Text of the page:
Verdict from 4 experts and 100+ user reviews

8 reasons to buy

  • Most owners testified that the Moab 2 Ventilator Mid fits true to size.
  • Its light build was appreciated by the majority.
  • Based on a lot of user reviews, it was a comfortable pair of hiking boots.
  • Its breathability was admired by numerous hikers.
  • Tons of wearers mentioned that the Merrell Moab 2 Ventilator Mid required virtually no breaking in.
  • Its grip proved to be effective on city walks and backcountry hikes, according to an abundance of users.
  • Scores of Merrell loyalists were very eager to get another pair of the Moab 2 Ventilator Mid as they were sold with its versatility.
  • An army of outdoor enthusiasts loved that it also comes in wide width. They liked how it fits them perfectly.

2 reasons not to buy

  • Several testers were disappointed with its durability as the soles were coming off after a few easy hikes.
  • Plenty of wearers had to replace the stock insole of the Merrell Moab 2 Ventilator Mid as it lacks support.

Bottom line

The Moab 2 Ventilator Mid is a Merrell Moab 2 boot that established its reputation through comfort, breathability, accurate sizing, and grip. Its little-to-no break-in period was also commended. It may have been received in a positive way, however, it failed to satisfy in terms of durability and arch support.

To conclude, the Merrell Moab 2 Ventilator Mid may be a good choice for warm summer hikes. Replacing the insole is recommended for those who want ample arch support in their footwear.

Tip: see the best hiking boots.

Good to know

  • The Merrell Moab (Mother of all Boots) 2 Ventilator Mid now features a performance suede leather with breathable mesh panels. This optimizes airflow for a fresh and cool in-shoe feel.
  • From an OrthoLite footbed, this version is equipped with the M.Select FIT.ECO+ insole sitting on top of an EVA midsole. It is in charge of providing underfoot cushioning and comfort.
  • From the previous iteration's Vibram Multi-Sport outsole, the Moab 2 Ventilator Mid sports a Vibram TC5+ outsole. It enables the boot to grip on diverse ground conditions.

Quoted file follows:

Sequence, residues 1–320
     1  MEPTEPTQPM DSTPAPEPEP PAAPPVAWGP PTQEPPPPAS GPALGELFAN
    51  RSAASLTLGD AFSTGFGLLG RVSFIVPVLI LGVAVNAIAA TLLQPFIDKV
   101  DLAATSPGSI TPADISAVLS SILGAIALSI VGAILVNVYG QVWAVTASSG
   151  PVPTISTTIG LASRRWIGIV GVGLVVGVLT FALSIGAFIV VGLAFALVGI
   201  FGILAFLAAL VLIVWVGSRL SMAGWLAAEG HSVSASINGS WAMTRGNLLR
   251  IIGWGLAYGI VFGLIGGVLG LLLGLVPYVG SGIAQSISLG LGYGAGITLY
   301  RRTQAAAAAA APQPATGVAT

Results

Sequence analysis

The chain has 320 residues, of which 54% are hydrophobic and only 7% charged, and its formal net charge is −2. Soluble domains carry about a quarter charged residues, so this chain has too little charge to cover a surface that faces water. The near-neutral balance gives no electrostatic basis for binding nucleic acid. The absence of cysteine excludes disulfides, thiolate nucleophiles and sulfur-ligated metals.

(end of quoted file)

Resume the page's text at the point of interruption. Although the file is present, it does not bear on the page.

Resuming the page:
The mid version of the Merrell Moab 2 Ventilator generally runs true to size. It can be purchased in regular sizes, with medium and wide width options. Its conventional lacing system gives users a snug fit. Also, this model caters to male and female hikers.

The Vibram TC5+ rubber outsole features 5 mm deep lugs which bite into most types of terrain. This slip-resistant component is slightly extends upward at the toe and heel areas to add durability and protection. The aggressive boots on the side enhance stability on bumpy trails.

The Merrell Moab 2 Ventilator Mid uses an ethylene-vinyl acetate (EVA) foam which grants a lightweight and cushioned ride. It works with the brand’s M.Select FIT.ECO+ footbed. It is created using a blended EVA foam with zonal arch and heel reinforcements, which conforms to the foot for optimal support.

The Air Cushion technology in the heel area absorbs shock from impacts. Additionally, a molded nylon shank renders underfoot stiffness for a steadier stride.

This mid-cut day hiking boot grants breathability and comfort through its upper made of performance suede leather with mesh vents. It has a bellows tongue which prevents intrusion of trail debris while the rubber toe cap shields against accidental bumps.

Its lacing closure uses webbing eyelets with a pair of open hooks on the top to securely lock the foot in place. A pull tab on the heel assists users in easy on and off.


How Merrell Moab 2 Ventilator Mid ranks compared to all other shoes
Top 50% hiking boots
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Top 31% Merrell hiking boots
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The current trend of Merrell Moab 2 Ventilator Mid.
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Paul Ronto

Over the past 20 years, Paul has climbed, hiked, and ran all over the world. He has summited peaks throughout the Americas, trekked through Africa, and tested his endurance in 24-hour trail races as well as 6 marathons. On average, he runs 30-50 miles a week in the foothills of Northern Colorado. His research is regularly cited in The New York Times, Washington Post, National Geographic, etc. On top of this, Paul is leading the running shoe lab where he cuts shoes apart and analyses every detail of the shoes that you might buy.